(Best months for growing Tomato in USA - Zone 5a regions)
There is nothing like the taste of a freshly picked tomato, warm from the sunshine. In the smallest of gardens or even an apartment with a window-box, it is worth growing at least one tomato plant for the pleasure it will give you. They will grow in pots, troughs or even hanging baskets.
Tomatoes should be grown in shelter or under cover in cool climates.
Tomatoes need feeding. In a garden bed, compost and mulching will produce a crop from one or two plants. In containers, use some suitable long term fertiliser pellets or feed regularly when you water. Feeding also improves the flavour of the fruit.
When you plant out, put the seedlings in a deep holes, up to the top set of leaves. The covered stems will put out extra roots and you will have a stronger, healthier plant.
There are many different varieties of tomatoes but they all have one of two growth habits.
Compact bush growth, stops at a specific height and useful for containers. If left without supporting stakes, they will form a dense carpet which excludes weeds and keeps the soil cool and damp.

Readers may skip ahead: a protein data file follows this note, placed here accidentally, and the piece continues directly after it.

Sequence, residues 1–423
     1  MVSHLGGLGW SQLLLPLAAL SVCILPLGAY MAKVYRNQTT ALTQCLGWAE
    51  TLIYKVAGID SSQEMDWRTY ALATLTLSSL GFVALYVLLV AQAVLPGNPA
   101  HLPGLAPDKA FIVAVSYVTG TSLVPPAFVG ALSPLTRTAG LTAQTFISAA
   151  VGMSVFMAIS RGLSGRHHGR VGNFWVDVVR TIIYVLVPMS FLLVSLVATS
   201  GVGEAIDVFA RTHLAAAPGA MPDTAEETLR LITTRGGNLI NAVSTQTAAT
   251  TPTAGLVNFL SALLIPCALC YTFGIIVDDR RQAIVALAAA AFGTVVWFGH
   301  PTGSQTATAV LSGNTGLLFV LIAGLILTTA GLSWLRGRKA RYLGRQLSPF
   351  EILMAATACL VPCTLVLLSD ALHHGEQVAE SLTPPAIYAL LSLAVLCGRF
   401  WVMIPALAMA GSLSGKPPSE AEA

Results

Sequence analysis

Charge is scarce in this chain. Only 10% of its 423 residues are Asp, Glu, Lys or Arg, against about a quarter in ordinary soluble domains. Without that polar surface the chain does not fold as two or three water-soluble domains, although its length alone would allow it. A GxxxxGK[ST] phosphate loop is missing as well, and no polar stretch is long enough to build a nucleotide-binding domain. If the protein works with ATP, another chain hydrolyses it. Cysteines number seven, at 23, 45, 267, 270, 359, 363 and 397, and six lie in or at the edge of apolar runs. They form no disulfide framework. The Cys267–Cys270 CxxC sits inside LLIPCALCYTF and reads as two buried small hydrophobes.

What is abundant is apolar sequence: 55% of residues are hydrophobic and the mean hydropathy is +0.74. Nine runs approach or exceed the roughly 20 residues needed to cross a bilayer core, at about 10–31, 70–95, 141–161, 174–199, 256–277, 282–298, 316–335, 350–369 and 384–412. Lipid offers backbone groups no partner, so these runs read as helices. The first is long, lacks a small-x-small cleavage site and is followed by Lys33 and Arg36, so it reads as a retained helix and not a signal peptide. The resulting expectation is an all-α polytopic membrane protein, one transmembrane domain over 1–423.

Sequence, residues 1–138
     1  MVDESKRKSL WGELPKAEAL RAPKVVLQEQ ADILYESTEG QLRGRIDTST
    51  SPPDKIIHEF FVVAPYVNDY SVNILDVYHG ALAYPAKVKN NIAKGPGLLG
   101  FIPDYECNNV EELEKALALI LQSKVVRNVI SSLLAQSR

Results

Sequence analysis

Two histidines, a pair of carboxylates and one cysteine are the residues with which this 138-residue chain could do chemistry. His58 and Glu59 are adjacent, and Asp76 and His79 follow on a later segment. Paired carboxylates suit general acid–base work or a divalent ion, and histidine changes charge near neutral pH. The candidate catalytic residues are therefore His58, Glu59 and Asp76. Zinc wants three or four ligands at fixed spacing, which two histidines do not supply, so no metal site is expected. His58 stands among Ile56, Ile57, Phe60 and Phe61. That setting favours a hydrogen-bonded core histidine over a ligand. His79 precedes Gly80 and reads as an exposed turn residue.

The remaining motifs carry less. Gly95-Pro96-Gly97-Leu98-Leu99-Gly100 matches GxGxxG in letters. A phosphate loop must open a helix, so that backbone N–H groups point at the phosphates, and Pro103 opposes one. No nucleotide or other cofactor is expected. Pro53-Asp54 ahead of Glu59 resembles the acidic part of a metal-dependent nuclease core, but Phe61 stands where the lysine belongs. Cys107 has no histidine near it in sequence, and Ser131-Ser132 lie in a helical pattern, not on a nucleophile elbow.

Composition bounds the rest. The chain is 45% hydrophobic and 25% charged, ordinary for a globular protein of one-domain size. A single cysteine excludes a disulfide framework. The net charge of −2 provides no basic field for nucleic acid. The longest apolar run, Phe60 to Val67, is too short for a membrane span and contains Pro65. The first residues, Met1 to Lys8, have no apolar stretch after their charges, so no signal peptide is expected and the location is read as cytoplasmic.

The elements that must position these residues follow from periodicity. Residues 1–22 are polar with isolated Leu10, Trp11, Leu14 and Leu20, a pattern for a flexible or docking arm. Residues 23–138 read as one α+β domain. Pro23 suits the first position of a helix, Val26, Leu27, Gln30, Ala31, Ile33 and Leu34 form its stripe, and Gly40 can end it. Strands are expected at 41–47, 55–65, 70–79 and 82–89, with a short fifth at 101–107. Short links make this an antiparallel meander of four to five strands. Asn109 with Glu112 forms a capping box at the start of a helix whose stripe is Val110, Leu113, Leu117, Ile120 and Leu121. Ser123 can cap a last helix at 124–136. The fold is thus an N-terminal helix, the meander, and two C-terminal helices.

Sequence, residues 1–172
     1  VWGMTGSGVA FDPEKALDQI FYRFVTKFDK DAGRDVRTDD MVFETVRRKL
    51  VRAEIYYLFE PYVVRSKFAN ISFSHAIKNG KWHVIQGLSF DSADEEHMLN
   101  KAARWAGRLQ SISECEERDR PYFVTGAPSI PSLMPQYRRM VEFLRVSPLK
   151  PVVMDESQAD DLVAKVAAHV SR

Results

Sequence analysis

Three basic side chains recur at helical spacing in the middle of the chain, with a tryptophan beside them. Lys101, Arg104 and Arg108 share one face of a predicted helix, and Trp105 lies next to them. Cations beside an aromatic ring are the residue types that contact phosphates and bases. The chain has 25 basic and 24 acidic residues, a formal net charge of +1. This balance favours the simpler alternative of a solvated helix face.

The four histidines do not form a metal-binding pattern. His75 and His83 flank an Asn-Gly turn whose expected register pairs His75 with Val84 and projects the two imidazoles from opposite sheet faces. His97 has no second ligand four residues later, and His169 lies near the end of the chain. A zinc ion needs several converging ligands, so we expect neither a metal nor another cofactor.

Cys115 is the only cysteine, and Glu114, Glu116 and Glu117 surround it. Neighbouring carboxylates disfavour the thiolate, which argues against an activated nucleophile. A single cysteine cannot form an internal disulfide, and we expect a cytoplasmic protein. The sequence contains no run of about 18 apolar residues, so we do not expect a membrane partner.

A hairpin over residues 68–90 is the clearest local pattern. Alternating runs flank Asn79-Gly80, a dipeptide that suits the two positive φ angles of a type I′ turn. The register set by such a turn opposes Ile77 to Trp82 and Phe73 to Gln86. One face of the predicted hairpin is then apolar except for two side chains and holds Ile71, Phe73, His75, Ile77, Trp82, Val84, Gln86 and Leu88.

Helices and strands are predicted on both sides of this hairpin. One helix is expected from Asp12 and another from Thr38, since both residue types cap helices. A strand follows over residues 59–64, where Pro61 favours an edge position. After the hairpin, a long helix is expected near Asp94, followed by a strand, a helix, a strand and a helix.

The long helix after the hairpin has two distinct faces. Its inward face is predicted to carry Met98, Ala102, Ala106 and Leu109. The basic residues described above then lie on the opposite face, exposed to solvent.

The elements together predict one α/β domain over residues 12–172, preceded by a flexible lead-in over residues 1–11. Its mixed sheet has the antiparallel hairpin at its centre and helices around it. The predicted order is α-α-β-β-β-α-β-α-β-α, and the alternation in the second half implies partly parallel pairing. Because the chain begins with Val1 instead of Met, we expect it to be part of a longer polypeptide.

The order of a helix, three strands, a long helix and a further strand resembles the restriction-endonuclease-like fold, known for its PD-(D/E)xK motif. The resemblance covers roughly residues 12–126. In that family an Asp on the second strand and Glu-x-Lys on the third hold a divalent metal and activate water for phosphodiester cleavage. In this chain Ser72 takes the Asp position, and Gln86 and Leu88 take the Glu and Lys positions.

Will continue growing a main stem, or vine until stopped by frost. The majority of heirloom tomatoes are indeterminate.
Both types need stakes to give them some support otherwise they will sprawl across the garden.
Varieties include Acid-free, Bush, Tall, Cherry, Yellow and many others.
Use in sauces, with fried meals, in sandwiches. Can be frozen whole or in pieces.
This planting guide is a general reference intended for home gardeners. We recommend that you take into account your local conditions in making planting decisions. Gardenate is not a farming or commercial advisory service. For specific advice, please contact your local plant suppliers, gardening groups, or agricultural department.
The information on this site is presented in good faith, but we take no responsibility as to the accuracy of the information provided.
We cannot help if you are overrun by giant slugs.
Your comments and tips